Native American languages * Native Americans information website * Native American heritage


"Demasduit" was the name of one of the last surviving members of the Beothuk tribe of Newfoundland. Demasduit became famous when she was captured by colonial trappers in 1819 and brought back to the white community of Twillingate.

Sponsored Links

The circumstances of her capture are a bit murky-- according to some, the trappers were intentionally sent to capture a Beothuk woman for the colony to use as a go-between, whereas others say that their intention was only to recover a stolen boat and that Demasduit simply surrendered to them when she found herself too weak to flee with the other tribesmen. When she eventually managed to convey what had happened to her, it turned out that Demasduit had given birth not long before the raid, that her husband had been killed by the trappers, and that her newborn son had been left behind when she was captured. The British military attempted to return her to her people, but she died of tuberculosis before they could be reunited. Her body was returned to them, however, and according to her niece Shanawdithit (generally considered the last of the Beothuks), Demasduit was buried alongside her husband and infant son.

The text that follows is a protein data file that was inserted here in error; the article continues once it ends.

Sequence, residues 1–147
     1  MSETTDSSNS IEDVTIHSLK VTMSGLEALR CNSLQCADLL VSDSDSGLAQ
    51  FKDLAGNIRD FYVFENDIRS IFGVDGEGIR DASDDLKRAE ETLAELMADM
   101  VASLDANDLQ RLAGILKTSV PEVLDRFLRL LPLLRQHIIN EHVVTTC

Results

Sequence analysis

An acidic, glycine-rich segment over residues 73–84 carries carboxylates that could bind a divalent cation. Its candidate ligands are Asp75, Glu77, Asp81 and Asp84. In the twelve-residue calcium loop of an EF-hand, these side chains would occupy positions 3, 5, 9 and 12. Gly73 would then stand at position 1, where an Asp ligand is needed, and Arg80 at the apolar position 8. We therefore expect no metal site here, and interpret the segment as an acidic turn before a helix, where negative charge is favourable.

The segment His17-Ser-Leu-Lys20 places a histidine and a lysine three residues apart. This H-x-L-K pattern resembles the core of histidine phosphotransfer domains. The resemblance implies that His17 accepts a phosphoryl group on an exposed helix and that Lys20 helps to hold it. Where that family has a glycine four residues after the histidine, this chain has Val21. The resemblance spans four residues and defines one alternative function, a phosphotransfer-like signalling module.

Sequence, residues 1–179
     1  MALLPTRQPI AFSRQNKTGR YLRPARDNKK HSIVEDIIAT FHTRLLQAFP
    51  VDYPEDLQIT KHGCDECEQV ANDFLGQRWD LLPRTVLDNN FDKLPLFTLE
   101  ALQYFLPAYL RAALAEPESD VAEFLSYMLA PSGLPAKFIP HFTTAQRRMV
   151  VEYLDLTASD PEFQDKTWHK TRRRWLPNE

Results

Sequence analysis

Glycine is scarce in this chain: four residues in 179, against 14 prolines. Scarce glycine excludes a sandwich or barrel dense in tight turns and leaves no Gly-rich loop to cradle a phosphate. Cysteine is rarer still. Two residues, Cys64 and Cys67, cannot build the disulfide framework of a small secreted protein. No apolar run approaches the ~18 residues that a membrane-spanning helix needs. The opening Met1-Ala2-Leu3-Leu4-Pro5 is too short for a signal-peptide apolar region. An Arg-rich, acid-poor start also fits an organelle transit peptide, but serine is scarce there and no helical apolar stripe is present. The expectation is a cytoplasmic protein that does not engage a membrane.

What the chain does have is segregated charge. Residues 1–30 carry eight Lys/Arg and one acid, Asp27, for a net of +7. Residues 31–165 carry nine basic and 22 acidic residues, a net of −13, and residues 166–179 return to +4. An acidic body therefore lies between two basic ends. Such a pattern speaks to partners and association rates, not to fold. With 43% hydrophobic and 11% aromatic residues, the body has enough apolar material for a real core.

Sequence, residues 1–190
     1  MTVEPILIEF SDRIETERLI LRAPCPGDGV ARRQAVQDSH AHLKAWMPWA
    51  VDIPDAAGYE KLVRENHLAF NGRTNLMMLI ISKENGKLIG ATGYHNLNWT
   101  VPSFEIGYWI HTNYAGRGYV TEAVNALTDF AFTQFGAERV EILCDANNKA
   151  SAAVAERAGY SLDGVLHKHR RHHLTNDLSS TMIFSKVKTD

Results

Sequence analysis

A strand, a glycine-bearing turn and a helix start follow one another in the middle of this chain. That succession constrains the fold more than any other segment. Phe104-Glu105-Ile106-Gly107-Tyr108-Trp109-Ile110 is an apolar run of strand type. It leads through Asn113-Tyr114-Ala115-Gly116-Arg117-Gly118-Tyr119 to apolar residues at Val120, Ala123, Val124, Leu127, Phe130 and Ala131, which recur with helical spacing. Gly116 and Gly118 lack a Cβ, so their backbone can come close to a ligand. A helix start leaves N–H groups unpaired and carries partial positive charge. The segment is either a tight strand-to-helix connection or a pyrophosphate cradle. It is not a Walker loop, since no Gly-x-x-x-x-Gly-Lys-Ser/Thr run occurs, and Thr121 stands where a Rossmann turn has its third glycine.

Books about Demasduit

Demasduit: Native Newfoundlander:
    Biography of Demasduit for sale online.
History and Ethnography of the Beothuks:
    Excellent history book including a detailed account of Demasduit's life and captivity.
All Gone Widdun:
    Historical fiction book about the lives of Shanawdithit and Demasduit.

Demasduit Resources

Here are some links to online information about Demasduit:
 Wikipedia: Demasduit

And here are our webpages about the Beothuk tribe and language:
 Beothuk language
 Red Indian history
 Demasduit and the Beothuks
 Beothuk numbers
 The Algonquians
 Canadian Indians
 Subarctic natives

Back to our Native American encyclopedia

Would you like to help support our organization's work with Demasduit's language?

Native Languages of the Americas website 1998-2015 * Contacts and FAQ page